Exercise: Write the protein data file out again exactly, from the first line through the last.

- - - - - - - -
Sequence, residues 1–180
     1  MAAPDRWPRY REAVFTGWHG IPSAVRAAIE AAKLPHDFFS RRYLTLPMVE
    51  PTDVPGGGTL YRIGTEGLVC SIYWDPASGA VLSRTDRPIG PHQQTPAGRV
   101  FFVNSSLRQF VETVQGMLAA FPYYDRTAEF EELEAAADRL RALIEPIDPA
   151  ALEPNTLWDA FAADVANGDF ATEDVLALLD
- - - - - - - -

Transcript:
Sequence, residues 1–180
     1  MAAPDRWPRY REAVFTGWHG IPSAVRAAIE AAKLPHDFFS RRYLTLPMVE
    51  PTDVPGGGTL YRIGTEGLVC SIYWDPASGA VLSRTDRPIG PHQQTPAGRV
   101  FFVNSSLRQF VETVQGMLAA FPYYDRTAEF EELEAAADRL RALIEPIDPA
   151  ALEPNTLWDA FAADVANGDF ATEDVLALLD